“Perhaps what makes entrepreneurship different is there aren’t any rules. Maybe then, the definition of entrepreneurship is pursuing an opportunity without having all the resources that you need and moving forward and gaining them.”
But in the end, business is really all about being able to attract and retain customers. It’s something that can often be forgotten in the headlong rush to get a business up and running.
“Actually, I believe the best sources of money for young companies are customers themselves.
“I don’t think in today’s competitive environment an entrepreneurial team, even an experienced one, can raise serious money without having customers in the picture, and that includes obtaining signed contracts.
“I like the boot-strapping approach and I find that’s popular in NZ. 'Don’t start until you’ve got your first customer' should be the mantra for everyone starting out on this journey.”
“In the beginning, your first customers might actually be small companies that nobody has ever heard of but you won’t begin to get some serious traction until you have some marque customers that have global recognition.
“Now here in NZ you have plenty of companies who get started but the question is: Do they really have a plan to truly go global? You more-or-less need that plan right from the start, which is what we’ve been teaching in these workshops I’ve been running for the last few days
Plan, plan, plan
Planning is also vital to the success of any business and Morse says the key is to break your plan down its component parts. It’s all part of what he describes as having an extremely narrow focus.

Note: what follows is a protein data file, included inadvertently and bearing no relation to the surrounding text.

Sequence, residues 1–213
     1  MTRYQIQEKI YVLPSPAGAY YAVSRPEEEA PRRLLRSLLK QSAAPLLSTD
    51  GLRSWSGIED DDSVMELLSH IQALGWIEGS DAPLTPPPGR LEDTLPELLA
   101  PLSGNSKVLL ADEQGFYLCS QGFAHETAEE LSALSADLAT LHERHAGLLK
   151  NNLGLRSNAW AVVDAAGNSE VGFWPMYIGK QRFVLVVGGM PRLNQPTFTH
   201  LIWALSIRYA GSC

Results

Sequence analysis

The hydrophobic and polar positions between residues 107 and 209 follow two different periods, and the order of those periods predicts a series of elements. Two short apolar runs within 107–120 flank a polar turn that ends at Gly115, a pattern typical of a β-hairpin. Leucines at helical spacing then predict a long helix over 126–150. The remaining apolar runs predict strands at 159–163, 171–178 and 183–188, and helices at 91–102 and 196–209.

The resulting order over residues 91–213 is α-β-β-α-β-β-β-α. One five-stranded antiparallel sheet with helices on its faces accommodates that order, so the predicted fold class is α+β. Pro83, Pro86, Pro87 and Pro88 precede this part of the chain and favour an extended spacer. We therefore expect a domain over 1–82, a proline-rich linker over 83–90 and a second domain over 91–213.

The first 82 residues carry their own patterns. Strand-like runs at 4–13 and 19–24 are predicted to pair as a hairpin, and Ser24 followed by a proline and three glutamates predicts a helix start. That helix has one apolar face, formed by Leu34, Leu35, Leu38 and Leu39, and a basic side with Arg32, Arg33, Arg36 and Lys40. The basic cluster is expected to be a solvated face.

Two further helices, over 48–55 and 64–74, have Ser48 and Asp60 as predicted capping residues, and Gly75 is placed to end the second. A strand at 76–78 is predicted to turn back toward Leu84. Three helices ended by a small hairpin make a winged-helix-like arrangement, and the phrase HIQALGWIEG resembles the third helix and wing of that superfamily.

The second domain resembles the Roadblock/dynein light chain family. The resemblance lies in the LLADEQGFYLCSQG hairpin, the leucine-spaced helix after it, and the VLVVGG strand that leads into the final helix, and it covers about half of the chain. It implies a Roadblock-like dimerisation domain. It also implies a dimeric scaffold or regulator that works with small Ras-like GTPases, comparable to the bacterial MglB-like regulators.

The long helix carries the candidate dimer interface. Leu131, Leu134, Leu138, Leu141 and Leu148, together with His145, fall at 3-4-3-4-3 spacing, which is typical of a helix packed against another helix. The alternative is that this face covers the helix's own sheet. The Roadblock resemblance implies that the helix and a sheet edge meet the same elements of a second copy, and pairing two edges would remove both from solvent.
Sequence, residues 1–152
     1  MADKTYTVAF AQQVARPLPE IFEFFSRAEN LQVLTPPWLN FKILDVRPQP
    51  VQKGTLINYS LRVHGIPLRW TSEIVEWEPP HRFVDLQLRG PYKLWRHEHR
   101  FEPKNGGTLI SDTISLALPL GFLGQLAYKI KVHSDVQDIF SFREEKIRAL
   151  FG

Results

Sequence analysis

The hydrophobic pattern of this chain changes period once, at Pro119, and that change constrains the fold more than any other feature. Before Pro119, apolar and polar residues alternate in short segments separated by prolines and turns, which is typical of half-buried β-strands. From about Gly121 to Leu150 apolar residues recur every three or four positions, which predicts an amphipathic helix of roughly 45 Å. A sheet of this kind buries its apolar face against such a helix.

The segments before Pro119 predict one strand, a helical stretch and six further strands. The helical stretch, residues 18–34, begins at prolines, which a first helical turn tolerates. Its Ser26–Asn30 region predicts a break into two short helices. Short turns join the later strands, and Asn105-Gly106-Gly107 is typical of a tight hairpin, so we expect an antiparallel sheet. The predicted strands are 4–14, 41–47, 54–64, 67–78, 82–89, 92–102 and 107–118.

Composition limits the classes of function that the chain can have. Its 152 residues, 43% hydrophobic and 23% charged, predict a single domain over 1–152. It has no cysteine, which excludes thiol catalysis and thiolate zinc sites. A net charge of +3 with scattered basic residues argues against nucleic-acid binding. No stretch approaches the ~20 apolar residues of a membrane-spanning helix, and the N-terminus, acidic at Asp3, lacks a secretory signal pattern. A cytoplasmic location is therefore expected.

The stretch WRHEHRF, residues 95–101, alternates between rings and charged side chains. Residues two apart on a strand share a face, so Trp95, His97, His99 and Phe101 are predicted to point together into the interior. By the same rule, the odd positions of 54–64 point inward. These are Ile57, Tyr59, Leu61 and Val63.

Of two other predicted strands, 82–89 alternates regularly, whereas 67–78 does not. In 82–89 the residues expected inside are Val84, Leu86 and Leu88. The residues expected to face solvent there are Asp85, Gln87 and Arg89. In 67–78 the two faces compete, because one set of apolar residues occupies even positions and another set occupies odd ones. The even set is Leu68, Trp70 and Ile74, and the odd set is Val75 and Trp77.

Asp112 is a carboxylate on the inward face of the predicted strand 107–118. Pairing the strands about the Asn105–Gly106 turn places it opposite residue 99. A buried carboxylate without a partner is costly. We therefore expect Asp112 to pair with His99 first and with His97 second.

“You need to have a sales plan and you also have to have a people plan. Where are you going to recruit the talent to build the enterprise? The CEO is always going to be the Chief Sales Officer and so what I teach are the skills that are necessary to become a global company through selling.
“What I’ve found is that it’s very easy to get overly enthusiastic and believe your own story which can throw you off track and you lose focus.
“In my experience the biggest mistake companies make, everywhere really, is trying to do too much. Put it this way: most companies die of indigestion not starvation. You need a narrow, narrow focus.”
“The other mistake you want to avoid is having a horizontal sales strategy rather than a vertical one. For example, some enthusiastic software entrepreneurs I’ve met often say: 'We’ll sell to everybody' and we call that boiling the ocean. It just doesn’t work. Everybody is not a customer and everybody is not a sales strategy. A sales strategy is having a few companies in exactly the same business and having a product that brings real value to those customers.”
Find the pain point
What many businesses sometimes forget about when they’re developing their business strategy is really thinking about the problem that it is you’re trying to solve. It sounds obvious but Morse says it’s vital to find what he describes as the “pain point.”
“The important thing is to solve a problem where there’s real pain. You can’t build a sustainable business unless you’re the aspirin for somebody’s pain and that person who has the pain had better have money, power influence and a budget and critically, know how to write a purchase order and isn’t afraid to do so because without purchase orders your business is out of business.”
Risk is part and parcel of business but Morse says you can adopt strategies that mitigate the risk.